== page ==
How To Ensure You're Never Stuck With Overdraft Fees

Robb wrote in with a suggestion on how to bank without ever getting stuck with an overdraft fee — make sure as many plastic purchases as possible come from prepaid cards. His method seems like a hassle but may be worth the effort for those who can’t keep tabs on their checking account balances.

He writes:

I wanted to write in to let your readers know that I’ve found a foolproof way to assure that I never have an overdraft fee;

I don’t use banks that charge them.

Simple? Here’s how. I first started out with a prepaid card from Mygreendot.com. Since I have direct deposit setup, I do not pay a monthly fee at all. They simply do not allow the transaction to go through if you have insufficient funds. I’ve been using them since October without a single hitch.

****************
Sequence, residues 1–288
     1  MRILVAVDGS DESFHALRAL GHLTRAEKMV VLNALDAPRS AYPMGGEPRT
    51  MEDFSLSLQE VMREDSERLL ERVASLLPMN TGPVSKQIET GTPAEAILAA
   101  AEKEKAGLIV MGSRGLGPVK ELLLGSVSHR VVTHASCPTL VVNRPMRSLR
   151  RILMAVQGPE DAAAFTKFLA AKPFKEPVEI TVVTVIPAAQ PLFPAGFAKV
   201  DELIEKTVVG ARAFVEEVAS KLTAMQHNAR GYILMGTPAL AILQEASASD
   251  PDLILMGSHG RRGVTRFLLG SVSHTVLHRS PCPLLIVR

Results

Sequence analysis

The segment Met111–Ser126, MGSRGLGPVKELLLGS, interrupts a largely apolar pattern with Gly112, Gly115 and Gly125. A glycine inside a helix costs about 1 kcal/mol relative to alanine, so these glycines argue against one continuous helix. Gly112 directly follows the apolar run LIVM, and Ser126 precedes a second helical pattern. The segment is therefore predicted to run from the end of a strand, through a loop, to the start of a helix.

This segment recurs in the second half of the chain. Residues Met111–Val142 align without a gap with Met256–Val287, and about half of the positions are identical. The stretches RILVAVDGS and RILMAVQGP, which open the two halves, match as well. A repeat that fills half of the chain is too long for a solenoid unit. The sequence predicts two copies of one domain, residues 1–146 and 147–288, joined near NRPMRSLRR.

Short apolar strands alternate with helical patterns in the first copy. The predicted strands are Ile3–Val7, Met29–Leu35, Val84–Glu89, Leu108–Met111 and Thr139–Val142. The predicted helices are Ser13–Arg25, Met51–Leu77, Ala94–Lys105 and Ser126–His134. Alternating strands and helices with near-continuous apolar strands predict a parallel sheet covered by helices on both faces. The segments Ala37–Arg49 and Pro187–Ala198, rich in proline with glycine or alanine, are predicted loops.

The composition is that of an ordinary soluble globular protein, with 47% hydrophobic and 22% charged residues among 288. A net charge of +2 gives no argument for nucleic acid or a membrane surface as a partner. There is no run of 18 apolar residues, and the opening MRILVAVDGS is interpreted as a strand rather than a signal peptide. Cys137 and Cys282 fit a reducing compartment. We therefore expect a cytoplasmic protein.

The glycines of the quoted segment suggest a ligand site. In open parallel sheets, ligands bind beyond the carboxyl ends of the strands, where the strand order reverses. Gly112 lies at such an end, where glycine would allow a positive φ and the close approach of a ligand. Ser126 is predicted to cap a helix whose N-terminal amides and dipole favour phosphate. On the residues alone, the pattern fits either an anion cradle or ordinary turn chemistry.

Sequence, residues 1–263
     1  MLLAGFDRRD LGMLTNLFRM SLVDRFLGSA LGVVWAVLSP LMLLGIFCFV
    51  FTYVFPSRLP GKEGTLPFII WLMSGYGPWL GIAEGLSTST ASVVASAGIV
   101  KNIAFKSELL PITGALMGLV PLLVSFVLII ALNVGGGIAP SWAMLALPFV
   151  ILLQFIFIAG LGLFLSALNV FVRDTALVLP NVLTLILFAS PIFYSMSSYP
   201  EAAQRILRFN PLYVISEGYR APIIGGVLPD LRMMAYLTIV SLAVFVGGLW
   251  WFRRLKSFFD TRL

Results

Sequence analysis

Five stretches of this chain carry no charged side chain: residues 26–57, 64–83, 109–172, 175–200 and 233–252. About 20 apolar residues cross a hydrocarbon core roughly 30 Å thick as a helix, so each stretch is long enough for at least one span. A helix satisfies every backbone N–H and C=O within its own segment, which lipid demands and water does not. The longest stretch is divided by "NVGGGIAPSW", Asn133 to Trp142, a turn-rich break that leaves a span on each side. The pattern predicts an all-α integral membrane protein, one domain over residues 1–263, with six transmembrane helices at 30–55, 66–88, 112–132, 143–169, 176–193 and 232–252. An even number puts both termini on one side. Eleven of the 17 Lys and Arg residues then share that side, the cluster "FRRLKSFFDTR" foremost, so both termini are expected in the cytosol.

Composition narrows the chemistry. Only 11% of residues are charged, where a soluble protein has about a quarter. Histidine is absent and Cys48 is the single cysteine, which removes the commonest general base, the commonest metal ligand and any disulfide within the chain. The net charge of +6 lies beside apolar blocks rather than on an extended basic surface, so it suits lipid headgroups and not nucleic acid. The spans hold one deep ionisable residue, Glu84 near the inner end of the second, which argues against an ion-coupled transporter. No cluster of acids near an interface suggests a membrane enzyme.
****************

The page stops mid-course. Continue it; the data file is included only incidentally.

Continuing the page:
Next I needed a checking account because I’ve got a wedding to pay for. I visited fidelity.com and opened up a MySmartCash account with them. It is a full checking account, that EARNS YOU INTEREST! I called them and asked them what their overdraft policies were. She chuckled and said “Sir, we do not charge those fees at all because we simply decline the transaction”. Wow! What a novel concept. And unlike Bank of America, transactions show up in the account instantly and are not withheld to maximize the amount of money they can ding you for. I have a debit card, checkbook, and they offer some of the nicest, most pleasant customer service people that I’ve ever spoken to.

Once readers understand that they don’t have to have an actual bank account and there are options, they can break the binds that tie. I have walked away from 3 banks because of overdraft malpractice. Even if someone wanted to keep their bank account, my suggestion is to go to any Walgreens or 7-11 and get themselves a prepaid card. Use this card for your day to day transactions and you will never have to worry about an overdraft fee again!

What other tricks do you know of — other than the tedious tactic of actually keeping track of how much money you’ve got — to steer clear of overdraft charges?